Interview with Noam Chomsky
Interview with Noam Chomsky
Oldenburg: In one chapter of your book Understanding Power - recently published in Germany under the title Eine Anatomie der Macht - you describe an interview situation in Canada. The interviewer got angry, cause you started criticizing Canada and not - as he preferred - the United States. You point out that one of the reasons for the foreign mainstream press to interview you is because you criticized the United States, but not the guest country you're interviewed in. So, I would like to talk to you about what implications your writing and activism could have for European countries and especially Germany.
I do try wherever I go to focus criticism on the country I'm going to but it's not my main concern. Actually, what happened in Canada was - I remember that - it's the main national sort of interview program in Canada and every time I landed in Toronto they were delighted to have me come, and this one time I decided that I was sick and tired of it. The first question I was asked was "When did you come?" I said that I just landed at the war criminal airport, what you called Lester B. Pearson Airport. He said: "What do you mean, Lester Pearson was a war criminal?" Then I started running through Lester Pearson's record. He is there a big hero, Nobel Prize Winner. He has a horrendous record. The guy was getting red in the face and I sort of went from the air. He just broke it up and started screaming.
When I was walking out, you know, they have those switchboards that light up from calls all over the place - there were calls from all over the country. They were very angry at him. Not people who liked what I was saying but, you know, but you just can't act like that. As I left, they said we would really like you to come back and we'll do this right. I said that I don't know if I have the time, maybe next time I'm here. They actually sent a team to Boston for an interview just to calm down their public but I was never invited back. That has happened a few other times in Canada and elsewhere.
Oldenburg: Yesterday, you received the Carl von Ossietzky Prize for your lifework (congratulations) as someone criticizing US foreign policy, but also for your research work concerning the function of the media in democratic societies. Together with Edward Herman you have developed an analytical framework that tries to explain the performance of the mainstream media in the US. According to this propaganda model, the media serve the interests of state and corporate power and present the world view they represent. Do you think the propaganda model can be applied to the European, respectively, German, media market as well?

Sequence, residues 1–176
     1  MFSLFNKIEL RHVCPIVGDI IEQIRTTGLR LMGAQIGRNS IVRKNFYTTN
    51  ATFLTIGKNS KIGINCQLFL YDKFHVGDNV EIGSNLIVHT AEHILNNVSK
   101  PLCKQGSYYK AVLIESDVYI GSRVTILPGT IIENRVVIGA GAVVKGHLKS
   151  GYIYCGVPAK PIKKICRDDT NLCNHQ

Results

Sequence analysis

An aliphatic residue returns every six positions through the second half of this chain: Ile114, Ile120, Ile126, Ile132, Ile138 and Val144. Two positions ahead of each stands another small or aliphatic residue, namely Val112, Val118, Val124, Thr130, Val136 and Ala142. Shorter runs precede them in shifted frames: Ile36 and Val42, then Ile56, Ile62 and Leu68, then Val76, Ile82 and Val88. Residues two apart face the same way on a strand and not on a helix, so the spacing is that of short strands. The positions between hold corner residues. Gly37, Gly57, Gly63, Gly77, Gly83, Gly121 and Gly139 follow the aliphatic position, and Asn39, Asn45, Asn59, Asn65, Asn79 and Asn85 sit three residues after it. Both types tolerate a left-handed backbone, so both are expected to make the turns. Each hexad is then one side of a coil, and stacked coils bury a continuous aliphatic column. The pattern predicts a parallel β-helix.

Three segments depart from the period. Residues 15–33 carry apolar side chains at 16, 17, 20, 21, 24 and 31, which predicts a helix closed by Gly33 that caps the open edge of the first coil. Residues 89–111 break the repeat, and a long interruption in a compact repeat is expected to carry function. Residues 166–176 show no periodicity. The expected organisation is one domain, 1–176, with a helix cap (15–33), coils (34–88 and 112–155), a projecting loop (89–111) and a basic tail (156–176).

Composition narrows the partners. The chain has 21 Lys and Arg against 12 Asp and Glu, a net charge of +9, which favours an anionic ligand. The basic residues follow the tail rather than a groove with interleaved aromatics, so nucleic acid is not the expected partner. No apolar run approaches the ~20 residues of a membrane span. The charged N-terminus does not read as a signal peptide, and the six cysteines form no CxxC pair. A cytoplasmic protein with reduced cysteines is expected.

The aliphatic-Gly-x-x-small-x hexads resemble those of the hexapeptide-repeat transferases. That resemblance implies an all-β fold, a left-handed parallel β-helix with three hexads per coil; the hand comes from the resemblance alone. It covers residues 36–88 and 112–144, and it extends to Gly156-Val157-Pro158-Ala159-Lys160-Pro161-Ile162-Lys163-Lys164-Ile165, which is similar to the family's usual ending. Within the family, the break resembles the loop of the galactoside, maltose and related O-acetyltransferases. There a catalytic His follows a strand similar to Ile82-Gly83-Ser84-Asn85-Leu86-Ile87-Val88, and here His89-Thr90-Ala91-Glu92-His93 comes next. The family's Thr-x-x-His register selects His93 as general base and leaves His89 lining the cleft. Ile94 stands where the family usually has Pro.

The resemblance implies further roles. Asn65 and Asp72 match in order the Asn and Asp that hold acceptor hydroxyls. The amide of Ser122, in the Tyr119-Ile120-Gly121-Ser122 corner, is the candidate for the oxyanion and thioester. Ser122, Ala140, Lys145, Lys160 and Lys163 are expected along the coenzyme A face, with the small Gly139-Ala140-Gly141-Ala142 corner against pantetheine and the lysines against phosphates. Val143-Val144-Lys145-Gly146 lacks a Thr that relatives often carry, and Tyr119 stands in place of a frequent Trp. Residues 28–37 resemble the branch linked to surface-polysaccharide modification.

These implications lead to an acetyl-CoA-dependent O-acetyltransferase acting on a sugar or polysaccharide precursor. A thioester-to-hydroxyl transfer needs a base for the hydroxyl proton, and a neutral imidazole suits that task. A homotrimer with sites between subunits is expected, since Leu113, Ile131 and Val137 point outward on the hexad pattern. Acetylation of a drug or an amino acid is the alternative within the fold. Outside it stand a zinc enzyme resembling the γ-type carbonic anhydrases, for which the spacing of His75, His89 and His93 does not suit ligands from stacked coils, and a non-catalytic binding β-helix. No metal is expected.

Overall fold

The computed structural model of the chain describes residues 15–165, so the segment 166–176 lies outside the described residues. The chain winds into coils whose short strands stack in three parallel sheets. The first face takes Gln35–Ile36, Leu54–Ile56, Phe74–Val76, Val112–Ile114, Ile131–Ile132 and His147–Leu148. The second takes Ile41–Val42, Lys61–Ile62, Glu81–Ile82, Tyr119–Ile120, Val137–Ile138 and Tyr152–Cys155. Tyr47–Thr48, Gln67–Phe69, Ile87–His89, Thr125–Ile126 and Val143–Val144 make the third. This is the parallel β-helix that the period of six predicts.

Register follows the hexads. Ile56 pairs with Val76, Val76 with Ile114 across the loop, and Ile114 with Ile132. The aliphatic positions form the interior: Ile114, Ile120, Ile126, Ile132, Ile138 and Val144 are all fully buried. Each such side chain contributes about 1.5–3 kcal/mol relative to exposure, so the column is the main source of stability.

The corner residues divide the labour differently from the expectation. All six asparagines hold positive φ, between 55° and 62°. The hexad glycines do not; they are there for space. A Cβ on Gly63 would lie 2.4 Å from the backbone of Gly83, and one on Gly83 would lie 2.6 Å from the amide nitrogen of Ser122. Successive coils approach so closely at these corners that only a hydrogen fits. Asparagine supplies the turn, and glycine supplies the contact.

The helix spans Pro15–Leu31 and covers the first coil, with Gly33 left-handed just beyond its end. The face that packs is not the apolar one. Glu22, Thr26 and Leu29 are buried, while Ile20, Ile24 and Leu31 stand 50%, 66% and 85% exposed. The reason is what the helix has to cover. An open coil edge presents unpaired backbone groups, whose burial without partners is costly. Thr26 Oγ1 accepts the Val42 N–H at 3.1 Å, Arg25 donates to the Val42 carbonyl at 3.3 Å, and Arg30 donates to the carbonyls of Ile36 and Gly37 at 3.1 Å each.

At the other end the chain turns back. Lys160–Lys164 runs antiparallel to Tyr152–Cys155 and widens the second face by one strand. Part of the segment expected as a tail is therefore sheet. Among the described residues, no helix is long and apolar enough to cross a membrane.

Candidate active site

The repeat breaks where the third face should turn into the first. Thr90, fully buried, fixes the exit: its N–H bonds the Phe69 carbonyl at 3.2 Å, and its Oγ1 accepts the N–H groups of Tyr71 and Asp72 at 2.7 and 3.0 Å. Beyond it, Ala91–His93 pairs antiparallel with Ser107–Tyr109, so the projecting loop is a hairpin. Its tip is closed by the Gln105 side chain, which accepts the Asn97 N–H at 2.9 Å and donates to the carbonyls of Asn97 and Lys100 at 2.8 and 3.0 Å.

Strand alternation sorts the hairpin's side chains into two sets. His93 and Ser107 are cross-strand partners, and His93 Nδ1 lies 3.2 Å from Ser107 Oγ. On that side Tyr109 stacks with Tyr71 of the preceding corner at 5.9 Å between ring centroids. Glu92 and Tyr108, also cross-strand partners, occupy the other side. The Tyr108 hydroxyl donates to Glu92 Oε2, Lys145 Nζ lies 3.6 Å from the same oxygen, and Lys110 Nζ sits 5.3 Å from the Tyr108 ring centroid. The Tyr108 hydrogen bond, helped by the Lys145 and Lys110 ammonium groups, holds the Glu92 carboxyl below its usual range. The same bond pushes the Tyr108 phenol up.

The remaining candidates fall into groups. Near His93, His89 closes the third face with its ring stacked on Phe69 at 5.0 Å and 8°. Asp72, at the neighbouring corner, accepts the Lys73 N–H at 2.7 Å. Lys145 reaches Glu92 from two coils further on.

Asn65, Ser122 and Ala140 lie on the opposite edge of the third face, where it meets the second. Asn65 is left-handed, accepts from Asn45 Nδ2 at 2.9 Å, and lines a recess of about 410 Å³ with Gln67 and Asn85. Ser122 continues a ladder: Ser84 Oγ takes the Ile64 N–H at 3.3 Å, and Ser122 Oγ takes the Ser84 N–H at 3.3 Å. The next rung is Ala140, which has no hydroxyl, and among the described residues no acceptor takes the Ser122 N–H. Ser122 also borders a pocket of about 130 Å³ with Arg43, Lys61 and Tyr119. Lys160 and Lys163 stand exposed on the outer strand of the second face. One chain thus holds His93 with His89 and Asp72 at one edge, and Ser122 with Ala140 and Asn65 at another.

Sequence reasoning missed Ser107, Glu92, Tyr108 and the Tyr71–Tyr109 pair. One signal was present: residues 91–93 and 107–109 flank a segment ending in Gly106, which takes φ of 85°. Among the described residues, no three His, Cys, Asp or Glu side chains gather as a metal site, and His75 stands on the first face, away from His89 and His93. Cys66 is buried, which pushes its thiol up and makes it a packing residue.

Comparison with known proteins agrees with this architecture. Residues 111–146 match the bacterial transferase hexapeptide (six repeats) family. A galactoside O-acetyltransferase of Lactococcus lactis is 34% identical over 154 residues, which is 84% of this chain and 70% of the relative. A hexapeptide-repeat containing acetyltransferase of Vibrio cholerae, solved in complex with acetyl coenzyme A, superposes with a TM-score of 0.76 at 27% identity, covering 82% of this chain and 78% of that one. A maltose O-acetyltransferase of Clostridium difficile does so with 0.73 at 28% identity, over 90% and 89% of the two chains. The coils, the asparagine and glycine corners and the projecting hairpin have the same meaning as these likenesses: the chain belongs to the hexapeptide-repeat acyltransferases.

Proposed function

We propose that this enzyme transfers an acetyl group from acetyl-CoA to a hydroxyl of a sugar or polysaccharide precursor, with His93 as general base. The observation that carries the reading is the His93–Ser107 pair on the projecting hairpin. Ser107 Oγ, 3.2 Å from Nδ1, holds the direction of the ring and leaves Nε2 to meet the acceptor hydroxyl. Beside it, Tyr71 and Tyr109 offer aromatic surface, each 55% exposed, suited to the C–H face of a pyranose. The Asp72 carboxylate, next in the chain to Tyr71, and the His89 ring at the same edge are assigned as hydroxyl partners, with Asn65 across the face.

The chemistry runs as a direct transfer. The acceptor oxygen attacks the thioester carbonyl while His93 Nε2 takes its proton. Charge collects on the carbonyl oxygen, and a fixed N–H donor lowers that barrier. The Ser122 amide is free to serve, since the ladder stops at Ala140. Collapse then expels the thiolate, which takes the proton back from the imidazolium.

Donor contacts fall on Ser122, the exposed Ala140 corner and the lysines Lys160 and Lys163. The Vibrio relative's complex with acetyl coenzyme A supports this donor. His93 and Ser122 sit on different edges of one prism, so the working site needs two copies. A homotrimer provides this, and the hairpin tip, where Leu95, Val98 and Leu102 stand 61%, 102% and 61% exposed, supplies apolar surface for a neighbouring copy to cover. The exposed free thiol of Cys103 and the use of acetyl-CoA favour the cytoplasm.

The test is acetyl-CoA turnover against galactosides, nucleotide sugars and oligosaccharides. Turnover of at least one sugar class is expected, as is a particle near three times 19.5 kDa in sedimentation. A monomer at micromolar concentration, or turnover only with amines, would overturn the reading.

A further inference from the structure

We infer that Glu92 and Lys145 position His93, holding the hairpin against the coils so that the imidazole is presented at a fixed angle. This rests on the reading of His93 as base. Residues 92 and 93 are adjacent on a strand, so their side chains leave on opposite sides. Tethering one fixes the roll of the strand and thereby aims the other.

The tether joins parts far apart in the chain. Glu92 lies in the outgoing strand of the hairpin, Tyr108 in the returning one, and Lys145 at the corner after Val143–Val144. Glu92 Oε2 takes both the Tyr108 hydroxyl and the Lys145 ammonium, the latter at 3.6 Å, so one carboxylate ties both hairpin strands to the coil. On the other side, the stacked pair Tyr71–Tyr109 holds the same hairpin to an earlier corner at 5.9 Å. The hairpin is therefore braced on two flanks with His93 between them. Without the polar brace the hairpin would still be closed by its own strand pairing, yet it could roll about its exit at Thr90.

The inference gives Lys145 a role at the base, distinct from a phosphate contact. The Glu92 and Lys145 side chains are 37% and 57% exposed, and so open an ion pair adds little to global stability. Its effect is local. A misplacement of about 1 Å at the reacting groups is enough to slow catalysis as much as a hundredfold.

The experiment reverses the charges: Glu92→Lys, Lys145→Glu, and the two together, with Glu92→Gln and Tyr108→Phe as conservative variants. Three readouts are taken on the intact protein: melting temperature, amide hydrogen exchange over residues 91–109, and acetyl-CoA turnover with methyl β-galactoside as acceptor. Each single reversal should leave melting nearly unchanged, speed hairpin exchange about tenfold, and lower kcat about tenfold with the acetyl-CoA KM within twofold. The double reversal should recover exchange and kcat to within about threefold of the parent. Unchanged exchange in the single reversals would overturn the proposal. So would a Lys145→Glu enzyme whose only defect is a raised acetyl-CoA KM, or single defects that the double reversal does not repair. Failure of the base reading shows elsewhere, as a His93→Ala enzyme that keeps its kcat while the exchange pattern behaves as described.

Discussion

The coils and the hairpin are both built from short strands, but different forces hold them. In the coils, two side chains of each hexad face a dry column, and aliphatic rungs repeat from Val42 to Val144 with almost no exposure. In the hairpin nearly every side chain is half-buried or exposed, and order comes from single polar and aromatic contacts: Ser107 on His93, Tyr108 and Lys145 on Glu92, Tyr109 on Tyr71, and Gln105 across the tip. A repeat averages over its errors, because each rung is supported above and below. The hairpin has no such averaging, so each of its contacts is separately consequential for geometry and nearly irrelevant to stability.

Well, I don't read the German press regularly, so I can't tell you. But, to the limited extent I know, yes. And I suspect if the German press were investigated as intensively as the American press is, one would find the same things. It's a rather striking fact that media criticism is very heavily concentrated in the United States. In the United States there are a lot of people working on this - and there's a lot of analysis and discussion.
In Canada, there's virtually nothing, in England, there's some, there's a good media institute in Glasgow and a couple of other things. In France there's very little. In Germany, as far as I knew up until yesterday, there was none, but I was told last night by a professor here that they do some work on it. So, maybe, there's some but I couldn't go into it. But, that's really a question you'd have to ask yourself. You have to look at your media systematically. It's not enough to read the papers when you show up every couple of years. When I do, it seems to me that it's the same as what I've left behind.
Oldenburg: Do you think that the range of the media is influenced by the fact that in Europe we used to have workers' parties, like Social Democrats - they're disappearing very quickly - but, we used to have that. Do you think this influenced the range of opinions that appear in the press?
Probably, you'd expect to. In England - that I know better - there's still a labor movement and something called Labor Party. But there was a labor-based press and it was widely read, supported, and effective. The Daily Herald was the most widely read newspaper in England, with a strong readers' involvement. It lasted until the early sixties. In fact, in the 1960s the tabloids, like the Daily Mirror, were labor-based and labor-oriented. This had been declining for a long time and by the 1960s it sort of ended. Mainly through processes of capital control and reliance on advertising and so on.
There is less and less reflection of the point of view from the world of working people. Actually, I saw this a couple of days ago in England. I gave talks in many different places, this was in Liverpool. There was a talk organized by the dockers who had been sacked a couple of years ago - it was a big labor incident, hundreds of dockers were thrown out, replaced by scabs, as part of the efforts to destroy the unions.
This happened to be post-Thatcher, but it's the same thing. They didn't give up, they fought quite a struggle about it and they were finally sacked, but they turned to other activities, cultural activities in Liverpool and political activities, and among other things they had an annual event and this was part of the annual event. The audience was just more mixed. Their kind of point of view of the world does not get to the media. In the United States, if you go back to the early part of the century, about a century ago, there was Appeal to Reason, which was kind of a left social-democratic journal which had the scale of the commercial press. If you go back to the mid 19th century, there was a very lively workers' press, and by the 1950s there were still about 800 labor-based newspapers which reached maybe 20-30 million people, by now it's down to almost nothing. And gradually, as capital control took over, the independent media declined.
Every newspaper used to have a labor columnist, somebody in the paper who covers labor news, nobody does now. Now sometimes the business correspondent writes an article on a strike or something but they have all got big business sections. Every newspaper has separate sections on business but the idea that they should have separate articles on labor - that is almost unheard of, which tells you quite a lot.